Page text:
Presque Isle Downs & Casino in Erie, Pennsylvania concluded its 2010 meet with purses paid out that far exceeded what handle would support. Like other racinos, purses are subsidized. But can this symbiosis continue to be justified to state elected officials?

In 2004, Pennsylvania legalized slot machines at select locations under what was known as Act 71, The Pennsylvania Race Horse Development and Gaming Act. In 2009, the Pennsylvania Equine Coalition commissioned a study by Pittsburgh-based Tripp Umbach to assess the economic impact of Act 71 on the state’s equine industry. Tripp Umbach is recognized as a leading firm for this type of analysis that has completed over 100 studies for an impressive list of blue-ribbon clients.

Tripp Umbach researched the economics of the Pennsylvania equine industry in 2008 and then compared the findings to results from a similar study that had been done by Pennsylvania State University for 2001. Thus it was feasible to contrast the pre-slots and post-slots eras.

The racehorse sector (Thoroughbred and harness) of the overall equine industry in Pennsylvania had an estimated total economic impact of $344.5 million in 2001 and $1.6 billion in 2008. These figures included the direct dollar contribution of racing businesses in addition to indirect contributions from feed suppliers, veterinarians, and the like. The number of employees rose from 6,430 in 2001 to 23,028 in 2008. Racing produced $6.9 million in taxes for federal, state, and local coffers in 2001 and $78.3 million in 2008.

Interestingly, Act 71 also apparently boosted the overall equine industry in Pennsylvania of which racing is a component. The total economic impact from all equine activity jumped from $780 million in 2001 to $3 billion in 2008.

The Tripp Umbach report stated: “…regardless of where a person stands on the issue of slots and gambling, having a viable and strong agribusiness in the state involves the equine industry.” Further, “as a result of Act 71, horse racing actually provides people a chance to make a sustainable living and grow the equine industry segment.”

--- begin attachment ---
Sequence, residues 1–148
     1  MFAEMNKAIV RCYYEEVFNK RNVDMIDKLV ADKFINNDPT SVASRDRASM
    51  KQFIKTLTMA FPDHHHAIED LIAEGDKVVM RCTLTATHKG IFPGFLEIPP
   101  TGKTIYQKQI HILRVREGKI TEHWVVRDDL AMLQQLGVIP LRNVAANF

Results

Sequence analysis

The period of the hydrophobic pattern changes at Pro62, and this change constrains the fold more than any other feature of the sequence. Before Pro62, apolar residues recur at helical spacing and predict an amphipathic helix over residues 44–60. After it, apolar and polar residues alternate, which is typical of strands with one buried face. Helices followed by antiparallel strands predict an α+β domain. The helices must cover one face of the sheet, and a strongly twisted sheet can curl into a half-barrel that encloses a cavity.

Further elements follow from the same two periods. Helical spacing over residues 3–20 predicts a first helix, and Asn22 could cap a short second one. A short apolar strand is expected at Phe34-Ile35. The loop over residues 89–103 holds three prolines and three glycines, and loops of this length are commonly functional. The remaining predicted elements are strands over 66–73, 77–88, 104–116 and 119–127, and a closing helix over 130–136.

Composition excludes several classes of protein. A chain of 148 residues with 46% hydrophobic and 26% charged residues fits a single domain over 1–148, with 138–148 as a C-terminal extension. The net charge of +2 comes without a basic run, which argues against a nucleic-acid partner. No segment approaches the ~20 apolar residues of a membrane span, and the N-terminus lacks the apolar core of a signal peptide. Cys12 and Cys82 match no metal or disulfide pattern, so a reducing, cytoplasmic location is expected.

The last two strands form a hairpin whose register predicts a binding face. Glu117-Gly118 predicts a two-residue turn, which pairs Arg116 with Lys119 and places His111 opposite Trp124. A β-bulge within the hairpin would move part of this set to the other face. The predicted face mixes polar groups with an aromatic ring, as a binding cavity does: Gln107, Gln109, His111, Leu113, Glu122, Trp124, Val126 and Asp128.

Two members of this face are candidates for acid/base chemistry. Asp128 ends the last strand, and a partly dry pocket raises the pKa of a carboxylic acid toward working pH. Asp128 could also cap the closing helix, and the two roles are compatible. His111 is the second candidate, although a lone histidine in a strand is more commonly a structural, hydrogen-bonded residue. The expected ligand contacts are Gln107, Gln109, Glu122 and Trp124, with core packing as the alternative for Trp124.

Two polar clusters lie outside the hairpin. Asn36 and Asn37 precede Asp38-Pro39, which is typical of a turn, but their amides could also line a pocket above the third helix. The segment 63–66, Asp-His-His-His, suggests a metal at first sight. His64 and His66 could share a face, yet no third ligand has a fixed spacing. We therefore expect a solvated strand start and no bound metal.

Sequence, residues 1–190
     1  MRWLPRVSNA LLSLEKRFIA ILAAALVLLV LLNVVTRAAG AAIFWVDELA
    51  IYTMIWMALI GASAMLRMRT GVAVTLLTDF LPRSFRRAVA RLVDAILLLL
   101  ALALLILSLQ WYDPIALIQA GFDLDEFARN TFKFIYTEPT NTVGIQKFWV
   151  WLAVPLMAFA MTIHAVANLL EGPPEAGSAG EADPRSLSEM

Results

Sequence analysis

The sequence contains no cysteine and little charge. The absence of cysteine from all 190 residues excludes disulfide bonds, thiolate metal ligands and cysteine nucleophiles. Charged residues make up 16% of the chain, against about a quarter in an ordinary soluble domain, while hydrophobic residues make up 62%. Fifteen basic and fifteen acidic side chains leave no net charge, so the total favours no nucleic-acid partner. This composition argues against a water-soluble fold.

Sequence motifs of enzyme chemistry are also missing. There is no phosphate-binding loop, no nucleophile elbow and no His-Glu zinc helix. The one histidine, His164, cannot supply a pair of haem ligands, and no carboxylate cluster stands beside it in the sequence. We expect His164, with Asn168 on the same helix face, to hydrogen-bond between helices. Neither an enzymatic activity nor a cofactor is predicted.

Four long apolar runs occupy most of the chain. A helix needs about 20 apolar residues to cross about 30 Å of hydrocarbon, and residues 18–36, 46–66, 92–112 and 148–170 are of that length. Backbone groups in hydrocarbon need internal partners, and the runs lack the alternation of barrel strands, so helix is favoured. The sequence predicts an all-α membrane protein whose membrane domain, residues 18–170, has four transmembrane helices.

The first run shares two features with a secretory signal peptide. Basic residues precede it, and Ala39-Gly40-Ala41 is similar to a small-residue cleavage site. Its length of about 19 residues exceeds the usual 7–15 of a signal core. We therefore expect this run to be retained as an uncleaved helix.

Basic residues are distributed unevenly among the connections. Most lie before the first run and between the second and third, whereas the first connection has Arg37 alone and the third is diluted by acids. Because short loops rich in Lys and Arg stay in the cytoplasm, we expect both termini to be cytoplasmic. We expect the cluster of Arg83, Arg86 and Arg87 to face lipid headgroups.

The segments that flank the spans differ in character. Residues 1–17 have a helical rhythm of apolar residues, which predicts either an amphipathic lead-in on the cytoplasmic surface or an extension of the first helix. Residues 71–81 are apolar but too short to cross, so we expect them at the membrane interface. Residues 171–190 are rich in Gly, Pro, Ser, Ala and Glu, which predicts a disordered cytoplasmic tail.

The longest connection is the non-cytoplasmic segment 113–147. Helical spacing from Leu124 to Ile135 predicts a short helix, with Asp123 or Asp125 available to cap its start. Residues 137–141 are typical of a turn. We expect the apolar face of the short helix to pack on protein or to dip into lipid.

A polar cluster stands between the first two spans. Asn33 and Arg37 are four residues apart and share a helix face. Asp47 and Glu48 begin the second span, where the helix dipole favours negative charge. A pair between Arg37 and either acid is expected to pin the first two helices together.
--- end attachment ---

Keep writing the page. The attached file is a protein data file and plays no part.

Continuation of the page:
Under the provisions of Act 71, racing’s share of slot machine revenues is divided as follows: 80% to purses, 16% to breeders, and 4% to a health and pension fund. Tripp Umbach wrote: “For the first time in the history of the sport, members are receiving basic health insurance that includes eye and dental.” Moreover, “an overall impact of investment in new farm facilities and bloodstock helps a slumping economy.” Todd Mostoller, the Executive Director of the Pennsylvania HBPA, tells of prominent out-of-state racing interests looking for farms to buy in Pennsylvania. The state had a 22 percent increase in live foals for 2010, the sole venue to show a positive.

Continued slots-subsidized handle can only be justified using an iceberg-like argument: handle does not come close to revealing the full picture of the documented economic importance of horse racing to agribusiness in racino states like Pennsylvania.

Copyright © 2010 Horse Racing Business

Originally published in the Blood-Horse. Reprinted by permission.


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